So the lack of loyalty and the lack of effort to change that results in more frequent turnover, which results in companies scrambling to replace increasing numbers of departing employees, which can (and so far does) result in more recruiters.

Recruiting and hiring isn’t considered a core activity

Good business practice these days tells us that if something isn’t at the very core of what you do as a company, you should be outsourcing it. This generally makes a lot of sense. No reason you should be running your own servers when the good folks at Rackspace, Heroku, Amazon, Gondor, etc. can take that little duty off your hands. No reason to mess with things like payroll, accounting, tax prep, etc. if they can be taken care of for a small(ish) fee.

The general equation is that if the cost of the service is less expensive than the price of the time you’re saving by outsourcing, and if the activity isn’t considered core to what you do, you should outsource. So, setting up, running, and maintaining your own servers is very time consuming. Rackspace, etc. is inexpensive. Servers aren’t core to what you do. Go with Rackspace.

With recruiting and hiring, though, things get a little tricky. In the information age—at a time when the quality of your product is directly related to the competence and ability of your team—it’s really hard to argue that “people” isn’t a core activity. The problem, though, is that people often confuse core activity with core competence.

The decisions that are made around things that are core activities but not core competencies have a tendency to really make or break companies. The original Digg was built with outsourced development help, but so were countless failed startups who were run by “idea men” with no technical skills. The same kind of thing happens with design, sales, and recruiting. It rarely works out. Putting a core piece of your company into someone else’s hands is a huge risk.

So with recruiting, we outsource either because we don’t consider “people” a core activity, or because we don’t think it’s worth hiring for or learning ourselves.

Recruiting is still seen as something that happens only when it’s needed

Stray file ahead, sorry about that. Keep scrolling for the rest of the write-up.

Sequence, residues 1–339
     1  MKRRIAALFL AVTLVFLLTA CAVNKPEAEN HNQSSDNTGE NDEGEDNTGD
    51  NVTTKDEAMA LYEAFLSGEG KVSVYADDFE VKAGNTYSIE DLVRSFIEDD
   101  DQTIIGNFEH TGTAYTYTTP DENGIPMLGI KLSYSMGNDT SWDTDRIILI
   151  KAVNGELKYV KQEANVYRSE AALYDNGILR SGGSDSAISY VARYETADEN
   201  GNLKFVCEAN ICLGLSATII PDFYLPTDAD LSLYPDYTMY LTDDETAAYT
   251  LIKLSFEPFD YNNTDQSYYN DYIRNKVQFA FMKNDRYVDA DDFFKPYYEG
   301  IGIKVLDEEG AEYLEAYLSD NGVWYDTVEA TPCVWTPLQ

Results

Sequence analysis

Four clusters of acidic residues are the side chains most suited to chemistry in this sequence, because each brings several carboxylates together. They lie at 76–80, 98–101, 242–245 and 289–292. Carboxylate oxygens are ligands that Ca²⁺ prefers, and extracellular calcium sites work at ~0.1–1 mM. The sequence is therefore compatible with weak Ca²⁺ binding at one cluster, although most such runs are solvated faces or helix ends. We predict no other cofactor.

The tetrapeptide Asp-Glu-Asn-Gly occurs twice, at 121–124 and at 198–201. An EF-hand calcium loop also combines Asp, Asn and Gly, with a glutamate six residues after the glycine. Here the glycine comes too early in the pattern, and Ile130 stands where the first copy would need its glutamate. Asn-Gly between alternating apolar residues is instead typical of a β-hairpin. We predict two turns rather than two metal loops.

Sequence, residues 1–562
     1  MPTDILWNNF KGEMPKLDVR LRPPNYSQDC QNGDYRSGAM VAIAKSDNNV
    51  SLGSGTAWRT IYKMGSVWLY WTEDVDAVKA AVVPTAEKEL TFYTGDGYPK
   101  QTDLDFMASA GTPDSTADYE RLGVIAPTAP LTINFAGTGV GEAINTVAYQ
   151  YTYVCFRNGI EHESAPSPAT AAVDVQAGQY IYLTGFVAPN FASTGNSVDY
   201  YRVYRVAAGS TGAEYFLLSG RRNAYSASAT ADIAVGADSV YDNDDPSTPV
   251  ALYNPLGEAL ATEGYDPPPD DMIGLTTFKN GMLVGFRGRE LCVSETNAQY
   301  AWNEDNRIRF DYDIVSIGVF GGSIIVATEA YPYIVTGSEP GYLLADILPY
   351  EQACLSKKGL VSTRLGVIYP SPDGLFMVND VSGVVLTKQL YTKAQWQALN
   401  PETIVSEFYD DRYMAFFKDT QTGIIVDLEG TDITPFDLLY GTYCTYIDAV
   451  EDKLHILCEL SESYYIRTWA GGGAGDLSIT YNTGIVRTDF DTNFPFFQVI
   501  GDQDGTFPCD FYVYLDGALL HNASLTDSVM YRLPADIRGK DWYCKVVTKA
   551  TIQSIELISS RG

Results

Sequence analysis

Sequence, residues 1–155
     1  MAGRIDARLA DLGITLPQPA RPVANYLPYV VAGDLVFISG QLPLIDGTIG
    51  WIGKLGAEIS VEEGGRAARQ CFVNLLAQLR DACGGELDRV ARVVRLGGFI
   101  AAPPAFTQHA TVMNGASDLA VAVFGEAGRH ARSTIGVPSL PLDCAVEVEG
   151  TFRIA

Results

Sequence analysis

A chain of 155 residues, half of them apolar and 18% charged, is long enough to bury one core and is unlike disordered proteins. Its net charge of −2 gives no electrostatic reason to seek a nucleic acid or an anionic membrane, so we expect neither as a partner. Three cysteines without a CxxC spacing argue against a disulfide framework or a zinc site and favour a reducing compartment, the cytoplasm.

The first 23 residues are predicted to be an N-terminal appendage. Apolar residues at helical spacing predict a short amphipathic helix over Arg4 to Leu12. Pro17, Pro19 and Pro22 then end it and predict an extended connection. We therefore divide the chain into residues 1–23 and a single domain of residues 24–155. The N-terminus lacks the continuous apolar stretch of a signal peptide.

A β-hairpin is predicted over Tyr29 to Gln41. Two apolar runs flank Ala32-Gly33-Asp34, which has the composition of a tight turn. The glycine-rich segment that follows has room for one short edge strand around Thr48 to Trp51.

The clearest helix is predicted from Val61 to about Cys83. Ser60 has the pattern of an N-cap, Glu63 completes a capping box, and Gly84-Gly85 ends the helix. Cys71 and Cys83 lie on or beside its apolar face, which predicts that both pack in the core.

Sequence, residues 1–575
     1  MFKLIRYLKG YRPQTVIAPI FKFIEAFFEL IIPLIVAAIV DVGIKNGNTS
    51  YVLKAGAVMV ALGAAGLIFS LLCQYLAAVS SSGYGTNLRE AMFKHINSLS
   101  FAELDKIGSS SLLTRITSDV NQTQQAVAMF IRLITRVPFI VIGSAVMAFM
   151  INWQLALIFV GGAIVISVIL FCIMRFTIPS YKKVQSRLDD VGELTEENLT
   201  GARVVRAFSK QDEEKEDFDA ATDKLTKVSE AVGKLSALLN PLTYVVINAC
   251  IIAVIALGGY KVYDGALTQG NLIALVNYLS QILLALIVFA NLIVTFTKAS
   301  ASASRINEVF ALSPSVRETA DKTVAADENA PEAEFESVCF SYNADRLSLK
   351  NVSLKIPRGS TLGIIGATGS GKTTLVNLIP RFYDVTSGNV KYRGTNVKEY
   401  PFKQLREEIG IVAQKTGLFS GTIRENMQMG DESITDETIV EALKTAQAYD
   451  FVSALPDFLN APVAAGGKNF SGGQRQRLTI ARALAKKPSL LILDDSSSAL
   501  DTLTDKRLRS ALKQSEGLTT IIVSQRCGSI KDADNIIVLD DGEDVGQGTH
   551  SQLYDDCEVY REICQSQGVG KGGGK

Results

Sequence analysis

Okay, so let’s assume that we run a company that doesn’t suffer from either of the two issues above. We’ve somehow figured out how to make employees more loyal, and we consider “people” a core activity and know it well. Do recruiters still exist? Are they still a necessary evil?

Probably.

Why? Because recruiting is seen by most as an “as needed” activity.

Companies are like cars. There are some things that need to be constantly maintained to keep things running smoothly—we need to change the oil to prevent breakdown, we need to keep gas in the car to keep the engine running, etc. Then, there are things we don’t worry about until they break, like the headlamps.

A lot of companies look at hiring like we look at our headlamps. There’s no reason to think about them until there’s a need. During the industrial revolution this probably wasn’t a bad analogy. If one headlamp burnt out, it didn’t render the company inoperable and the whole thing could get by for a little while until a replacement was found.

These days, though, an employee is more like a tire. She is imperative to the operation of the entire company. Without her or a similar replacement, the company grinds to a halt or, at the very least, limps around at a much reduced speed.

So here we are, all driving our cars out in the middle of nowhere, with bumpy roads and who knows what in front of us, and we’re not even carrying spares. And the guy with all the tires charges a shitload for them, and we pay, even if they aren’t great, because we need the tires to get home.

People have been preaching the concept of “building a bench” of qualified, enthusiastic potential employees for a long time. It’s the single best way I can think of to eradicate outside recruiters and all their associated bad will and cost once and for all. But it’s hard. It’s hard enough to think of recruiting as something that requires effort even (especially) when you’re not hiring. It’s even harder to actually put that effort in.

How to help - for developers and other job seekers

1) Determine the value of your loyalty.

Here’s a little secret. I would have taken less money to stay at the job I left than I was offered at the job I left for. I partly blame myself. I wasn’t as straightforward about expectations as I could have been. In hindsight, I realized that things like challenge, continual growth, and excitement were much more important than money anyway.

Easier to do in hindsight than it is right now, but try this. Decide where you want to be five years from now, and decide if your current employer is capable of getting you there. If they are, then tell them about the plan and let them help you. If they are not, then leave. Now.

2) Plan ahead - job search is not an as needed activity.

So the only time we really try to align our competence with our job is the day we graduate college or grad school. At that point it’s “I have a CS degree, I want to do entry level Python at some place where I can wear flip-flops to work, so let’s go.” From that point forward, job search is often reactionary. “I don’t like my job, so it’s time to find a new one. What skills do I have?”